UK-based bookmakers William Hill has been slapped with a £6.2m penalty by regulators for breaching consumer protection and money laundering regulations.
The fine was issued following an investigation by the Gambling Commission, that revealed that between November 2014 and August 2016 the betting firm breached anti-money laundering and social responsibility regulations.
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Investigators found that the company’s lax anti- money laundering controls allowed 10 customers to gamble with money linked to criminal activity.
The report also raised concerns over the company’s efforts to curb problem gamblers.
Shares in the company were mostly unmoved following the news.
What was said:
The gambling firm’s chief executive Philip Bowcock said it had “fully co-operated with the commission throughout this process, introducing new and improved policies and increased levels of resourcing”.
We are fully committed to operating a sustainable business that properly identifies risk and better protects customers. We will continue to assist the commission and work with other operators to improve practices in the areas identified.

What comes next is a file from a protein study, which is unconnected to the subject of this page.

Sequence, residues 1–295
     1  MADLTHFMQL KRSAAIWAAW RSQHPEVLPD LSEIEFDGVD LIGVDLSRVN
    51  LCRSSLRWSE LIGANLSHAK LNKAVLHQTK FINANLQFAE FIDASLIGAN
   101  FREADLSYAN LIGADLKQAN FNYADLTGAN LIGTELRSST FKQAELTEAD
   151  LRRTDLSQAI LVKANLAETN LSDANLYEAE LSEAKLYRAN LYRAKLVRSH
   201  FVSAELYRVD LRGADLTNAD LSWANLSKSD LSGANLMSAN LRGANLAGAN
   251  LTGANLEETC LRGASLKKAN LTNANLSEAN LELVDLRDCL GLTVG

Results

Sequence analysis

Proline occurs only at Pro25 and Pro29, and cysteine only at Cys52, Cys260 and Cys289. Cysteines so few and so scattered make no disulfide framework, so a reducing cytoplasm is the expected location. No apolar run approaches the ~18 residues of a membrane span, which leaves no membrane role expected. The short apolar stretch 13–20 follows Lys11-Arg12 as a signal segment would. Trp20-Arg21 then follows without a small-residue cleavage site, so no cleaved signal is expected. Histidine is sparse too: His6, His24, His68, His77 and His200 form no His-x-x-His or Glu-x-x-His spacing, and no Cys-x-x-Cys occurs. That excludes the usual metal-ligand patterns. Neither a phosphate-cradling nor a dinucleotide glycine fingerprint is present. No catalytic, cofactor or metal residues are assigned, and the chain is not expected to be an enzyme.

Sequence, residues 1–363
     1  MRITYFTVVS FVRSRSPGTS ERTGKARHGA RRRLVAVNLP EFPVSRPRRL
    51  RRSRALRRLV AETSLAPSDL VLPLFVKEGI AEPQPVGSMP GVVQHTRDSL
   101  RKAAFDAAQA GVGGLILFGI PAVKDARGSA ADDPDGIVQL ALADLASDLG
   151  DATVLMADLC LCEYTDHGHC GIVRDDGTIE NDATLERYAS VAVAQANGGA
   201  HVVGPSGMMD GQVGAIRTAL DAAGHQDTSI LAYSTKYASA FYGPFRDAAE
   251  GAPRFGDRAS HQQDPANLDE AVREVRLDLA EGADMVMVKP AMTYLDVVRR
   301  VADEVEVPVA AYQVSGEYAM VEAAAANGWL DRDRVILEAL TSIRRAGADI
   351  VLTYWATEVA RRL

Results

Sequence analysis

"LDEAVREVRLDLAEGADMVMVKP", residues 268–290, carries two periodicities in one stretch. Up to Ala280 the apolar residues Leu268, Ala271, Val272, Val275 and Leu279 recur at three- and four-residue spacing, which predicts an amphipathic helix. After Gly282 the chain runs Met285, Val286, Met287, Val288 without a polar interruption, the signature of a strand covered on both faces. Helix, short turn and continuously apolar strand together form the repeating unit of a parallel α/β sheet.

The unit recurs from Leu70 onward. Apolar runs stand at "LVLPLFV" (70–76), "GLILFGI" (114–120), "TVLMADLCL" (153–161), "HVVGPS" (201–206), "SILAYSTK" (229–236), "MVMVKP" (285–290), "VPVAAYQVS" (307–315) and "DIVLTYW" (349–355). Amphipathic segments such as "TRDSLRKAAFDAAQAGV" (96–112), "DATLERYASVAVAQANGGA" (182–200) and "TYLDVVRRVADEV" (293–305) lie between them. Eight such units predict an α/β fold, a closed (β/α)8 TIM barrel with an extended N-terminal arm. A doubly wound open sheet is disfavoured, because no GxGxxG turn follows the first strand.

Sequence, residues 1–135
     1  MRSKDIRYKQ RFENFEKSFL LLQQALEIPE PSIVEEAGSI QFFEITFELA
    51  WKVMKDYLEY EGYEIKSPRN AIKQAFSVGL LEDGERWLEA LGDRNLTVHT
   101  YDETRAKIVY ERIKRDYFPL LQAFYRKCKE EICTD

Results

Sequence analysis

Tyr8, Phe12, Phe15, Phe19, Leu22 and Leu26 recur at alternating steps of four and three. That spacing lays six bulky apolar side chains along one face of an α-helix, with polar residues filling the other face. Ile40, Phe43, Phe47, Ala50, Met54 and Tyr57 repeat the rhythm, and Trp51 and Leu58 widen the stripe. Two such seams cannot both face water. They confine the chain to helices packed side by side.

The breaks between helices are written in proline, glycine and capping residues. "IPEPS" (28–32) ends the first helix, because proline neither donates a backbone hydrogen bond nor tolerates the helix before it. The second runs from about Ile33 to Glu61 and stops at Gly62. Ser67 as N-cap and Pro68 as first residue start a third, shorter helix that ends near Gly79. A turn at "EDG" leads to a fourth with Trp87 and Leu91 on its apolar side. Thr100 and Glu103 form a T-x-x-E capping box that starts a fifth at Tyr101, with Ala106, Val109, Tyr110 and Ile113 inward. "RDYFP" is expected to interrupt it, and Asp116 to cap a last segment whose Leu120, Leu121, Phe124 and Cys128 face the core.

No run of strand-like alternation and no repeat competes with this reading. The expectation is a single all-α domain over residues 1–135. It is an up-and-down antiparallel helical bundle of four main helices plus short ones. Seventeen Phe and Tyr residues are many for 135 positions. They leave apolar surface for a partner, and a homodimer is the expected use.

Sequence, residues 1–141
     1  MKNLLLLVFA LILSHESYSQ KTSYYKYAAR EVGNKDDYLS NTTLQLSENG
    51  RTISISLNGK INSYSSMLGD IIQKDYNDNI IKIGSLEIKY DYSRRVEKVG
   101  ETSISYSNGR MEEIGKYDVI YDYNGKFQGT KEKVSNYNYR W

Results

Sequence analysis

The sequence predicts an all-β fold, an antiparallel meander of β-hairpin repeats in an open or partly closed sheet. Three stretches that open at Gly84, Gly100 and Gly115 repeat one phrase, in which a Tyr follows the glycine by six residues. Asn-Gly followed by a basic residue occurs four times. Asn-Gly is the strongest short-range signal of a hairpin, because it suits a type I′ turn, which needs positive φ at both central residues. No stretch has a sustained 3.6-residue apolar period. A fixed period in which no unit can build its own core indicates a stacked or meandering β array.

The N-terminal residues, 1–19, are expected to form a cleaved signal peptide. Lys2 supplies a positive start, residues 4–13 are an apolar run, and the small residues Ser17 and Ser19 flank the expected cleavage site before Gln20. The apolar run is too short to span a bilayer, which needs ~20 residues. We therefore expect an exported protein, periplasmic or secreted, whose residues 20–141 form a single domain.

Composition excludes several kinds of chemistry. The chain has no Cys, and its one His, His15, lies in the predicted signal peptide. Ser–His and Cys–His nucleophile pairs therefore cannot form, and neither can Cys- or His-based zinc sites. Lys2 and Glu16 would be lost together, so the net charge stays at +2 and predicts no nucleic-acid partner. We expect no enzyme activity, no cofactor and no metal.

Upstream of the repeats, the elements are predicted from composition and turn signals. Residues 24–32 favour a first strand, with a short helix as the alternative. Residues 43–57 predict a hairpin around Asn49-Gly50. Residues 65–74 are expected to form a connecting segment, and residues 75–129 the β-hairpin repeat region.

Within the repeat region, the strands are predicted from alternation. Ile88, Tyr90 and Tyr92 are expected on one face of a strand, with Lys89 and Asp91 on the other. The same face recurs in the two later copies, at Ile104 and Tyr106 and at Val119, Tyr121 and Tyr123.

Neil McArthur, the Gambling Commission’s executive director, said:
We will use the full range of our enforcement powers to make gambling fairer and safer.
This was a systemic failing at William Hill which went on for nearly two years and today’s penalty package – which could exceed £6.2m – reflects the seriousness of the breaches.
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Gambling businesses have a responsibility to ensure that they keep crime out of gambling and tackle problem gambling – and as part of that they must be constantly curious about where the money they are taking is coming from.
How this fine stacks up against past fines
The fine is the second largest issued by the commission after online casino 888 was ordered to pay a £7.8m penalty last year.
In past actions, the commission fined bookmakers Ladbrokes Coral £2.3m in November, after they allowed two high-spending customers to gamble away around £1.3m of stolen money.
Last month the commission said it was investigating 17 online casino companies after unearthing concerns about their anti-money laundering policies.